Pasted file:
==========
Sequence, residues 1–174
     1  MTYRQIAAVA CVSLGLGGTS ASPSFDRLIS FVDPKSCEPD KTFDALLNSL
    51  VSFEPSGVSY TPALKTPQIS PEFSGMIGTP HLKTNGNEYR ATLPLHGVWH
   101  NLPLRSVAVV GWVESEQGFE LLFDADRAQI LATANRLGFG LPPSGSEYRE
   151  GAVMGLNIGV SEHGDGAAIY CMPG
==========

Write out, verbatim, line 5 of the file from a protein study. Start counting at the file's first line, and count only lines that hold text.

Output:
   151  GAVMGLNIGV SEHGDGAAIY CMPG